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Wayzata, a Minneapolis suburb, reached the state quarterfinals last fall after winning a state championship in 5A (the state’s largest class) a season ago. Okuyemi grew up in Kansas after his parents came to the U.S. from Nigeria. Started as a wide receiver, then moved to linebacker and eventually defensive line as he grew.
“Tobi is an explosive player who disrupts offenses through his play. Tobi has become a dominant player at his position despite playing there only two years. Tobi’s potential is very high due to his athletic ability.” — Wayzata coach Brad Anderson
He picked NU over offers from Iowa, Kansas, Kentucky, Michigan, Michigan State, Wisconsin and homestate Minnesota. Okuyemi was one of three commitments NU got the day after a 10-3 win over Oklahoma in November. “I had a feeling I wanted to be a Cornhusker since the moment I went to the spring game. But that was crazy,” he said after his commitment. “It was a great game. The atmosphere was the loudest college football game I’ve ever been to. That got me excited.” Part of a defense that gave up only 11 touchdowns over a two-year span, he racked up 61 tackles — including 15 for losses — on the season. The Minneapolis Star Tribune named him to both the preseason Metro Dream Team and the 2010 Super Prep team, a collection of the top six players from the state based on college potential. That list also included offensive lineman Seantrel Henderson, ranked the No. 2 recruit in the country by Rivals.com.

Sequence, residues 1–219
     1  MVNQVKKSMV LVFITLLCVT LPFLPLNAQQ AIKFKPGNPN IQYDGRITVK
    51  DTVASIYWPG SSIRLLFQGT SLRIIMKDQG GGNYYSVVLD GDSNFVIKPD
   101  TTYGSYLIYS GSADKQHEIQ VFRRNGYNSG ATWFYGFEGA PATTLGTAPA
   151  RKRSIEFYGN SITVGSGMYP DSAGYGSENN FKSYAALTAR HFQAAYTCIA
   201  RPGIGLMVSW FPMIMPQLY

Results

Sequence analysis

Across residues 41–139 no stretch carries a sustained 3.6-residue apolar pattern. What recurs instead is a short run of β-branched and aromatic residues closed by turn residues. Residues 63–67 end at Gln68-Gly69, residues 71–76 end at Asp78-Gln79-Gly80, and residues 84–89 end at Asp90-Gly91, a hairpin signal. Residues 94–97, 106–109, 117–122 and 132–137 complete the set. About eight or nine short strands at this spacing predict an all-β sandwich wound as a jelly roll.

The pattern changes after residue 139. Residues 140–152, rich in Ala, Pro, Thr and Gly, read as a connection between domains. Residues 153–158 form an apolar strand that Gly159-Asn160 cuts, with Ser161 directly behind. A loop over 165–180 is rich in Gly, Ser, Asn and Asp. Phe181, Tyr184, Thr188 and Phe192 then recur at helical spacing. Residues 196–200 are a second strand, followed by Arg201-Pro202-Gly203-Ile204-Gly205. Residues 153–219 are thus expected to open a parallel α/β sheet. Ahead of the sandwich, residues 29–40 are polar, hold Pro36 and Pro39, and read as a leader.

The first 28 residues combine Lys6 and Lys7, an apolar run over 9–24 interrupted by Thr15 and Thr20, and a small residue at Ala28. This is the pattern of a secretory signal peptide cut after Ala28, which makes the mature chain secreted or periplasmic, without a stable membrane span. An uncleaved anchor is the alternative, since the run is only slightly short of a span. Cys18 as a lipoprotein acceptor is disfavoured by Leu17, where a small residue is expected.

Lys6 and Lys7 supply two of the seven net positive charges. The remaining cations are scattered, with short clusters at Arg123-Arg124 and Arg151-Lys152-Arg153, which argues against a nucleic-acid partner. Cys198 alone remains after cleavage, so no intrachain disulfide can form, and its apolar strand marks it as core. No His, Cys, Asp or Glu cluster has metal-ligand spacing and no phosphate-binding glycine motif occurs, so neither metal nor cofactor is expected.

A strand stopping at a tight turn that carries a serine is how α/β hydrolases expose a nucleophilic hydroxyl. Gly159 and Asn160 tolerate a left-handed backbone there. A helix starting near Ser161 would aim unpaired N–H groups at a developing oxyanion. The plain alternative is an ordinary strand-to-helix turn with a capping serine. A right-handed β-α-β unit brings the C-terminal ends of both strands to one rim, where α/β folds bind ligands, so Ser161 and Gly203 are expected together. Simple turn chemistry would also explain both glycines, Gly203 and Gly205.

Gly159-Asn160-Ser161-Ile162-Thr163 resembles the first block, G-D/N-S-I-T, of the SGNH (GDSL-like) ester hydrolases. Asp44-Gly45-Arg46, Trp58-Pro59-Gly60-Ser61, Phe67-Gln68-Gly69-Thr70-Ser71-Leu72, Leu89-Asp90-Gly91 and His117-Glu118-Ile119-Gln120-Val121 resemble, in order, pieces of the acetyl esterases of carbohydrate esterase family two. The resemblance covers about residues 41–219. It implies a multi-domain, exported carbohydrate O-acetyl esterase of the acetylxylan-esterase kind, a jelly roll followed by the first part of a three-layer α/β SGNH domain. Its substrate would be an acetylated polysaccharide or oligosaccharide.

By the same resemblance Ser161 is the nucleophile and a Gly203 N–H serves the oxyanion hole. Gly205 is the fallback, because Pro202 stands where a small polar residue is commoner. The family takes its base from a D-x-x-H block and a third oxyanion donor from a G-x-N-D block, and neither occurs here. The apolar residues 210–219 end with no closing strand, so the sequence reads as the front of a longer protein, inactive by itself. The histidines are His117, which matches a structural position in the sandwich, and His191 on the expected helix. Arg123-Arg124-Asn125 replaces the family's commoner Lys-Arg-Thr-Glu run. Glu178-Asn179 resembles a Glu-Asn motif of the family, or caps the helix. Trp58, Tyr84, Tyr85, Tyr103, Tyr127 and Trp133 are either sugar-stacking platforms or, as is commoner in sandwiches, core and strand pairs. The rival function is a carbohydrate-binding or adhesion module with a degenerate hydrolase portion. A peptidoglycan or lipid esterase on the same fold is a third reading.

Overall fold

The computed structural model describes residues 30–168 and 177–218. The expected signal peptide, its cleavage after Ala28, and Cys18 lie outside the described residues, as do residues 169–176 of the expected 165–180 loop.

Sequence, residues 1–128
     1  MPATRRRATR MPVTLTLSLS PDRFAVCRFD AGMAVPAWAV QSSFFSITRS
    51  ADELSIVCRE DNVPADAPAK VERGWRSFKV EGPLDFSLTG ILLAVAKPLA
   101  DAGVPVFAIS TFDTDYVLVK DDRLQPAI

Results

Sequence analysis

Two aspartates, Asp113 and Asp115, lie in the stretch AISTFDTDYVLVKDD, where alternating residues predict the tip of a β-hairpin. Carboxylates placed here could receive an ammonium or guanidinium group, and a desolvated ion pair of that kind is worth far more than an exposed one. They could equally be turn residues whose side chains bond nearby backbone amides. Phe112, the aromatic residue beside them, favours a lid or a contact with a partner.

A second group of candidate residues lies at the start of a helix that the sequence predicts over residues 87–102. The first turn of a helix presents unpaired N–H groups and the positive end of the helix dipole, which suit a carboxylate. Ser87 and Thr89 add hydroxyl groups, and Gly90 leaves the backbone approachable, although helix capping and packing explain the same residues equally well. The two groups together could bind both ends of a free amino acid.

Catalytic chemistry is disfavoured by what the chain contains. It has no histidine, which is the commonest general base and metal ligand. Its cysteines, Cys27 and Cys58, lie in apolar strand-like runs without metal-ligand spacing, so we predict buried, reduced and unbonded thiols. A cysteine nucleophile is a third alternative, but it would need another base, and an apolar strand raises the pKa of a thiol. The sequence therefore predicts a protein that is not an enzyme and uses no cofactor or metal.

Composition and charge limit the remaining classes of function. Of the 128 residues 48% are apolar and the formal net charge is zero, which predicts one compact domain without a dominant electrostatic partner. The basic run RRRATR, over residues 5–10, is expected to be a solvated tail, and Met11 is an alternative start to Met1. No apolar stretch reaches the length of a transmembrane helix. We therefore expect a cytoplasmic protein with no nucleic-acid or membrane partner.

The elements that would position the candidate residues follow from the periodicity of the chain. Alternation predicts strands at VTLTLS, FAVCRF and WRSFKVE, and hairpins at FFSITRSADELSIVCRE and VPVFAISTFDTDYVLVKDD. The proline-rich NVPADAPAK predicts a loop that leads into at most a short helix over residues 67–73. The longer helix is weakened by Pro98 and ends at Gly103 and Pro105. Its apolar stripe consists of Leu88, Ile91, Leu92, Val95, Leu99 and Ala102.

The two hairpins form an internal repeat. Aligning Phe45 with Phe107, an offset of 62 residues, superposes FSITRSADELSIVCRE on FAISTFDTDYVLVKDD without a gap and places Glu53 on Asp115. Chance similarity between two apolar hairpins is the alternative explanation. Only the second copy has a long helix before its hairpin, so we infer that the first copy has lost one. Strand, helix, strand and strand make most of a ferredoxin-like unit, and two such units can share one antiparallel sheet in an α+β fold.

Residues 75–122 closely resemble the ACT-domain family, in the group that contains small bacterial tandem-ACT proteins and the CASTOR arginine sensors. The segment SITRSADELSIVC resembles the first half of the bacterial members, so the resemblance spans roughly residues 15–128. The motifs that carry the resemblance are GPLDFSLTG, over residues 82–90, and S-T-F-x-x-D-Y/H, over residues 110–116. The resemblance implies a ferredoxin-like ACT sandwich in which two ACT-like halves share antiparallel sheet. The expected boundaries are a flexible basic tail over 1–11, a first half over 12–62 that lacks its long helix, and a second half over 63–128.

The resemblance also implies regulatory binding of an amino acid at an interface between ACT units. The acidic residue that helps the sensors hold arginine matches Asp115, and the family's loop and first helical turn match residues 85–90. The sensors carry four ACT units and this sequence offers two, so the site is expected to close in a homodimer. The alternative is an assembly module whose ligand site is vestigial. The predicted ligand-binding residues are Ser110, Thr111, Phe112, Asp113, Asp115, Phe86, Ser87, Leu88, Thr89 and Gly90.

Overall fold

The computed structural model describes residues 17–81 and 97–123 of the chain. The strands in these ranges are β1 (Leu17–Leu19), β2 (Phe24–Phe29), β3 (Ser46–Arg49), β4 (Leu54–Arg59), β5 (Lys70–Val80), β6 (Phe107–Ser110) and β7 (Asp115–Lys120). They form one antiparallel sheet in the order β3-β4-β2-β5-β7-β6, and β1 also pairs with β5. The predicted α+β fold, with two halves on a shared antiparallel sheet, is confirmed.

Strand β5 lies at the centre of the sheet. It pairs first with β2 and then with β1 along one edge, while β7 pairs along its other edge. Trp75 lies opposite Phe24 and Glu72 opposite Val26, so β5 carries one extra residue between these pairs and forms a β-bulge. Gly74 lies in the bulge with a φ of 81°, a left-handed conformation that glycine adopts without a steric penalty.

Think Pierre Allen minus a couple of inches. On tape, Okuyemi resembles that same kind of athlete — benches 280 pounds, 35-inch vertical, 4.7 second 40. He’s also a standout on the basketball court, just like Allen was. Combination run stopper and pass rusher, he should fit well into NU’s philosophy. His physical maturity will go a long way in getting him any possible early playing time.